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Can playing Tetris help prevent PTSD?

4:30pm Wednesday 29th March 2017 content supplied byNHS Choices

This was the main measure the study was designed to assess. However, researchers also looked at people's post traumatic distress symptoms and anxiety and depression symptoms, one week and one month after the accident. They found no difference between the two groups on all but one symptom (about intrusive memories) after one week, and no differences at all after one month.

In feedback, people said they found playing Tetris very easy, very helpful, and not distressing or burdensome. The researchers say there were no adverse events from the treatment.

 

How did the researchers interpret the results?

The researchers said the intervention was "feasible and acceptable" for use in A&E, because it is short, low cost, simple and flexible to administer. The say other visual games, such as Candy Crush, or simply drawing, could also be used.

Their previous research suggested that the important thing is that the task is visually demanding, as opposed to a verbally demanding task such as filling in crosswords or reading.

They explain the lack of difference in effects after one month by saying the trial was not big enough to show an effect at that point, and call for bigger studies, "designed to test whether effects extend to one month or longer".

They conclude that the intervention "offers a low-intensity means that could substantially improve the mental health of those who have experienced psychological trauma."

 

Conclusion

Involvement in a traumatic event such as a traffic accident can have long-lasting effects on mental health. Some people have months or years of distressing, intrusive flash-backs, feelings of guilt or helplessness, anxiety and depression. At present, there are no treatments that can be given straight away to prevent such long-term effects.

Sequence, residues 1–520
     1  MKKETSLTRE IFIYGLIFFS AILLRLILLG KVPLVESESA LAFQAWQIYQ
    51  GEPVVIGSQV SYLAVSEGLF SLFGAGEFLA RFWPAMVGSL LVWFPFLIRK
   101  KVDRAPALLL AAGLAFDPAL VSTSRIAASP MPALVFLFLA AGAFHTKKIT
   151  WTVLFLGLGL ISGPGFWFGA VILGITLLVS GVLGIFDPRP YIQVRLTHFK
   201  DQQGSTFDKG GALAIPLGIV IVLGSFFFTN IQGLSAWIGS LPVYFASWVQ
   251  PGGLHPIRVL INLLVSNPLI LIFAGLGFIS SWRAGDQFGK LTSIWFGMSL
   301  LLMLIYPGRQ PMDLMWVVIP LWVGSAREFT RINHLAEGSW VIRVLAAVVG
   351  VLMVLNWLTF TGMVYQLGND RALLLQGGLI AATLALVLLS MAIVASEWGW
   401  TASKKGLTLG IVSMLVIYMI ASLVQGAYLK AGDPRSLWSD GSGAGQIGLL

The lack of long-term effects in the study results mean we need to be cautious about claims that playing Tetris could "prevent" PTSD. Limitations of the study - such as an untested control intervention, and the relatively small number of participants - mean this is an experimental study to establish a theory, not proof that the treatment works.

Intrusive memories are not the only symptom of PTSD but are thought to be an important part of it. We don't know whether interfering with the laying down of these intense, distressing visual images can prevent PTSD.

However, a simple treatment to reduce the recurrence of these memories - even in the short term - might reduce people's suffering in the immediate aftermath of a trauma.

The same researchers published a paper looking at use of Tetris after trauma, as we reported back in 2009, but in that case they relied on "inducing" trauma by asking people to watch films of traumatic events. This is the first time the intervention has been tested in people who have actually experienced real life trauma.

However, there are many different types and severities of trauma that could carry a risk of PTSD. This study, though assessing real life trauma, only looked at adults involved in a road traffic accident but who were fully conscious and able and willing to play a computer game.

We need to take care not to generalise the possibilities of such an intervention too far at this stage. The appropriateness of offering computer games may be very different for people who are victims of assault, for example. The potential effects and even harms could be different in these people.

Even relatively "minor" traumatic experiences such as a dog bite or a nasty fall can trigger a pattern of intrusive memories in some people. Treatments such as cognitive behavioural therapy may help people experiencing long-term mental health problems after traumatic experiences.

And, interestingly, the concept behind this study chimes with a relatively new treatment concept for PTSD known as eye movement desensitisation and reprocessing (EMDR), which involves a similarly visual intensive process.

Read more about the treatment of PTSD.

Summary

"Tetris can prevent post-traumatic stress disorder," reports The Daily Telegraph. An early stage study found that people who'd been in traffic accidents who played the popular computer game while waiting in A&E for treatment had fewer intrusive memories.

Links to Headlines

Tetris can prevent post-traumatic stress disorder, Oxford University finds. The Daily Telegraph, March 28 2017

How Tetris therapy could help patients. BBC News, March 28 2017

Playing Tetris 'can help ward off PTSD symptoms', study suggests. Sky News, March 28 2017

Playing TETRIS 'can protect soldiers from debilitating post-traumatic stress disorder'. The Sun, March 28 2017

Links to Science

Iyadurai L, Blackwell SE, Meiser-Stedman R, et al. Preventing intrusive memories after trauma via a brief intervention involving Tetris computer game play in the emergency department: a proof-of-concept randomized controlled trial. Molecular Psychiatry. Published online March 28 2017

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